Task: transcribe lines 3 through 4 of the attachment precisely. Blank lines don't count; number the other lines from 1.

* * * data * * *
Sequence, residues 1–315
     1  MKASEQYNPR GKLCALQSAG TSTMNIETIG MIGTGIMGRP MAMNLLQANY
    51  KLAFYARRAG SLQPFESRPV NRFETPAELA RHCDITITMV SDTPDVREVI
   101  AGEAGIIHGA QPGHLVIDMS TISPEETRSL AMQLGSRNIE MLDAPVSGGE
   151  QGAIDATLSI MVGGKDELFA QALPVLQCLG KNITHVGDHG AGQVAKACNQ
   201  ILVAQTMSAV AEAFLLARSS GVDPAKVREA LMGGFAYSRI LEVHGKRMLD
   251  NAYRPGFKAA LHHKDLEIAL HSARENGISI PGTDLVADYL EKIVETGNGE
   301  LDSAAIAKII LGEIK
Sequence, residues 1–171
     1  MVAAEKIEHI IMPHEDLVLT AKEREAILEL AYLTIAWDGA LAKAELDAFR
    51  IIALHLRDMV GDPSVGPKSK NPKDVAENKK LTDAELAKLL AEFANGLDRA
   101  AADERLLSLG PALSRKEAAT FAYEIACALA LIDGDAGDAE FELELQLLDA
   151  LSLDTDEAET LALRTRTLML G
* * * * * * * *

    51  KLAFYARRAG SLQPFESRPV NRFETPAELA RHCDITITMV SDTPDVREVI
   101  AGEAGIIHGA QPGHLVIDMS TISPEETRSL AMQLGSRNIE MLDAPVSGGE